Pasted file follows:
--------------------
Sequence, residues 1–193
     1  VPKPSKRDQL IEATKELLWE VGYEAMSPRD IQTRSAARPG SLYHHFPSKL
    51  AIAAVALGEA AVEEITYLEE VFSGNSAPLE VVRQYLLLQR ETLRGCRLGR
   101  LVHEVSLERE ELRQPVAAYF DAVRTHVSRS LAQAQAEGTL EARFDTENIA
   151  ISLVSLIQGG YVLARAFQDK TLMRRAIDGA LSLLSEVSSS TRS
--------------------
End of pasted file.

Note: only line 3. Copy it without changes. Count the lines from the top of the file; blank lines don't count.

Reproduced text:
    51  AIAAVALGEA AVEEITYLEE VFSGNSAPLE VVRQYLLLQR ETLRGCRLGR